But Kanyotu had no time for two people in the 1955 class, journalist Philip Ochieng’ and novelist James Ngugi (aka Ngugi wa Thiong’o). It was through Kanyotu’s recommendation that Ngugi was detained. When Ngugi was in Form One, Kanyotu was in Form Four.

The 1956 class had Darius Mbela, former Information PS and Cabinet Minister and and Benjamin Kipkorir, former Kenya Commercial Bank (KCB when it was nick named (Kalenjin Chukua Bure) and the two managed to swiftly rise during the Moi Presidency. Here it was the connections of Kipkorir that mattered. 

Kipkorir was removed from Kenya Commercial Bank when he failed to explain to Moi how a copy of his Bank of India political bribery cheque for Ksh 80,000 to Kiambu politician Waira Kamau found its way and publication by Society Weekly magazine.

The 1959 class of George Anyona and (Prof) William Ochieng was one of a kind. Anyona joined the radicals at Makerere, including Ngugi, to become mavericks of the time. The 1960s saw students who became lawyers and included Tom Mbaluto and Timan Njugi (1961), Richard Kwach (1962) and Andrew Hayanga.

The 1961 class had the likes of Andrew Ligale, later on a permanent secretary, Japheth Kiptoon and Engineer Joel Nyaseme. That Simeon Lesrima, a former Permanent Secretary, was able to lobby for the rise of the Green Josiah brother, Frost Josiah, to be appointed an ambassador is born out of the 1963 classroom ties at Alliance. Behind them was Joseph Nyagah, son of Jeremiah who was also named an ambassador to Luxembourg and the European Union.

When Nyagah was in Form Three in 1966, a student who would also help them later on, Lawi Kiplagat joined Alliance. In Form Two then were two noticeable students – Julius Meme and Fares Kuindwa. In the same class was a radical student James Orengo.

Kiplagat was an insider in Moi’s kitchen cabinet and was able to influence the rise of his schoolmate Wilson Sitonik within the government. Sitonik was later fired as head of the Treasury’s Government Information Technology. Another person who survived in the government structure courtesy of Kiplagat is Erastus Mwongera, former PS who was in Form Two when Kiplagat was in Form Four. 

In Form One at the time was Jeremiah Matagaro, who joined the police force and managed to rise to become a PS in the ministry of Justice. While Matagaro was in Form Three the former Kibaki era Comptroller of State House Hyslop Ipu was in Form One.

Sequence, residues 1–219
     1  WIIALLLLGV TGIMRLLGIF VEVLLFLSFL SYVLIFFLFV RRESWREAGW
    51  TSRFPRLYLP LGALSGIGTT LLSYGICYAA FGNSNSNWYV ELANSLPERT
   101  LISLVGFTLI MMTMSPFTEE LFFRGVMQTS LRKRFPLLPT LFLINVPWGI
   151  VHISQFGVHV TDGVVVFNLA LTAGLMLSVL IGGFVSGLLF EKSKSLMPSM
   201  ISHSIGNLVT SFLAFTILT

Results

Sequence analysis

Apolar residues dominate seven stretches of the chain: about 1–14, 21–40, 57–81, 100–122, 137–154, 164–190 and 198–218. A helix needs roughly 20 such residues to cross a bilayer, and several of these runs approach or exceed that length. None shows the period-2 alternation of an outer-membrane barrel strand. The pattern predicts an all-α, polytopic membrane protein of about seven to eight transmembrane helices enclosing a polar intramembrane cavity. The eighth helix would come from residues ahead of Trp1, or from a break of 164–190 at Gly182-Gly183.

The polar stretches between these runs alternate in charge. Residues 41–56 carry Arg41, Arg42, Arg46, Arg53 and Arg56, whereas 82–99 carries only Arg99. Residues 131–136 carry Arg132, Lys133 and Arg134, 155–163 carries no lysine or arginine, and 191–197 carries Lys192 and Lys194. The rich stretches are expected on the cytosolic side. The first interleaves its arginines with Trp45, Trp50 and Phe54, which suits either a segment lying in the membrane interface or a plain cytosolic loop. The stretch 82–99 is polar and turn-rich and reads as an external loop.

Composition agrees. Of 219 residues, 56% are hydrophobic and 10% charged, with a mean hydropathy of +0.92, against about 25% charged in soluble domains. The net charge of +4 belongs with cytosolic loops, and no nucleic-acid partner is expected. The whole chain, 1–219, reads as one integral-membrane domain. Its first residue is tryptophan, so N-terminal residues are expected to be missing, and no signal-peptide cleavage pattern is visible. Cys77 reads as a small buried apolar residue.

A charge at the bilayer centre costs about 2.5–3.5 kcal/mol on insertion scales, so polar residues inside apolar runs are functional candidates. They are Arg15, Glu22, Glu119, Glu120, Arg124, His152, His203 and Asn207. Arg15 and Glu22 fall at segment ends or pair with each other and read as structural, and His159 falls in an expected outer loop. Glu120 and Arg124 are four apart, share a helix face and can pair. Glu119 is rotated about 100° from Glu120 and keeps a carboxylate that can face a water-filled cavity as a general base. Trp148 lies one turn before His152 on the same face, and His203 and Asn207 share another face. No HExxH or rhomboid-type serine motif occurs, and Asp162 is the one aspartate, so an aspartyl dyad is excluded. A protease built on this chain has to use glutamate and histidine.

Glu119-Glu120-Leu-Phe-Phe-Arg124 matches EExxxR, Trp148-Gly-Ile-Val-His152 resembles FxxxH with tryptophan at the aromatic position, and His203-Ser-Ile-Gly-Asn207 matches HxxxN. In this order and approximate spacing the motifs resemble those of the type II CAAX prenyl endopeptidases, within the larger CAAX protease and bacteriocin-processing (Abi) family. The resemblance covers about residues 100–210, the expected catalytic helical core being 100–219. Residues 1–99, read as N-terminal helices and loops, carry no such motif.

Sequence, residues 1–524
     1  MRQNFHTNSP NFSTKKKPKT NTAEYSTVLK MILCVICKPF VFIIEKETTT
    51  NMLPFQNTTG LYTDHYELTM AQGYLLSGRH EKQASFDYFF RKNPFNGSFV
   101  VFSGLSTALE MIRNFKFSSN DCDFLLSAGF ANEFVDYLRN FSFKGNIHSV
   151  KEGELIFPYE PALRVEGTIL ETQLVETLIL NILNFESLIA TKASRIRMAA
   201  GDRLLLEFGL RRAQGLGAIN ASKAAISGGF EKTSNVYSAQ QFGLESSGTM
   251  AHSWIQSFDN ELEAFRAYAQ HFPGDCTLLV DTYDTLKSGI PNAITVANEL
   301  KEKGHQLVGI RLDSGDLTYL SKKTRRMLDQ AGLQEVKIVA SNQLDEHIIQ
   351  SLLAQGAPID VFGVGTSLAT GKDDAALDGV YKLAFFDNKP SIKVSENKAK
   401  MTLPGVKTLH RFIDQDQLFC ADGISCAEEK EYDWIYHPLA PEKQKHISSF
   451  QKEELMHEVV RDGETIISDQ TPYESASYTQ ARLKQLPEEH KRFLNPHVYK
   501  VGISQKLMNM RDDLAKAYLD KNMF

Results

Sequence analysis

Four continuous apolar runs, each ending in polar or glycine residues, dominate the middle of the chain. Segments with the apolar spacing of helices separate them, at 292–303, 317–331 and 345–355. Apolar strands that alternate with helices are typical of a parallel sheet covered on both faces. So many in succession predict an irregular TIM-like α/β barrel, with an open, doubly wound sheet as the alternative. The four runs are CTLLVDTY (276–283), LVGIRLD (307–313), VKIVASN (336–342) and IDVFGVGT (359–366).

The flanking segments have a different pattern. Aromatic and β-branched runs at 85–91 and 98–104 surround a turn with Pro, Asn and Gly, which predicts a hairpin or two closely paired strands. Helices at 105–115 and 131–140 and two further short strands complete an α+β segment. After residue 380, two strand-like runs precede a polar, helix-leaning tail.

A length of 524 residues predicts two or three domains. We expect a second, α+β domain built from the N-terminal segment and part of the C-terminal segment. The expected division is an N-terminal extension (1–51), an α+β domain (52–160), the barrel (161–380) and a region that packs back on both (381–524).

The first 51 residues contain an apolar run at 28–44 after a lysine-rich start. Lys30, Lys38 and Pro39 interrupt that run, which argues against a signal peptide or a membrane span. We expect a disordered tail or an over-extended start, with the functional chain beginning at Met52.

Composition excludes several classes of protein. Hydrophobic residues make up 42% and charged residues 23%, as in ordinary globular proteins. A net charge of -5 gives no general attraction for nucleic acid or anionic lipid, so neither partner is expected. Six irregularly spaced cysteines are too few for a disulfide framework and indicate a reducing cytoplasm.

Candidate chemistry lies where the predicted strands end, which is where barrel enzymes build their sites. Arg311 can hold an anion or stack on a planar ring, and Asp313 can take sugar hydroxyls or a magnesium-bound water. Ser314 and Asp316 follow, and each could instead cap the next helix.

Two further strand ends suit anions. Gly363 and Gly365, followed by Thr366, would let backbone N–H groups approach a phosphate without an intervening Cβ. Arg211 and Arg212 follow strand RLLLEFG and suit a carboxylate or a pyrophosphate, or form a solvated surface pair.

It’s therefore fair to blame Alliance for Kenya’s rotten corruptocratic governance since independence? They had the opportunity to set Kenya on the right track towards prosperity but failed dismally because they all used their positions for selfaggrandisement – none of them or their families are poor by any international standard unlike many of those born in their neigbourhoods but went to different schools. 

They took advantage of Alliance School connections to enrich themselves and failed Kenya dismally. What can be their excuse that Kenya was left behind by the Far East Tigers?

Last Word:

Millions upon millions of Kenyans live under the poverty line when less than 100,000 politicians, civil servants and Tenderpreneurs operating as businessmen wallow in billions of shillings scooped from National Coffers through corruptocratic cartels in a multi-billion corruption industry.

The privileged few have stashed billions of shillings in foreign bank accounts which is used to develop those countries and create jobs for millions of their youths when Kenyan youth languish in poverty, jobless and hopeless.

Time in now for Kenyans born after independence in 1963 should stand up, gather courage and strength to liberate their country from the chains of a corruptrocratic system entrenched by the riling class that hijacked the Kenyan Nation and turned it into a milk cow to feed their families at the exclusion of fellow citizens.

They have an opportunity in 2022, to elect a fresh, untrained and new slate to reclaim their country to be run by honest men and women with Integrity, Principles, Ethics and Accountable. Anybody without those qualities is unworthy of leadership as an MCA, MP, Senator, Governor, Vice President or President.

There are two short years to decide who to vote for. You recycle the same crooks in leadership today and condemn your country to remain the pariah state it is to a majority poor in Kenya.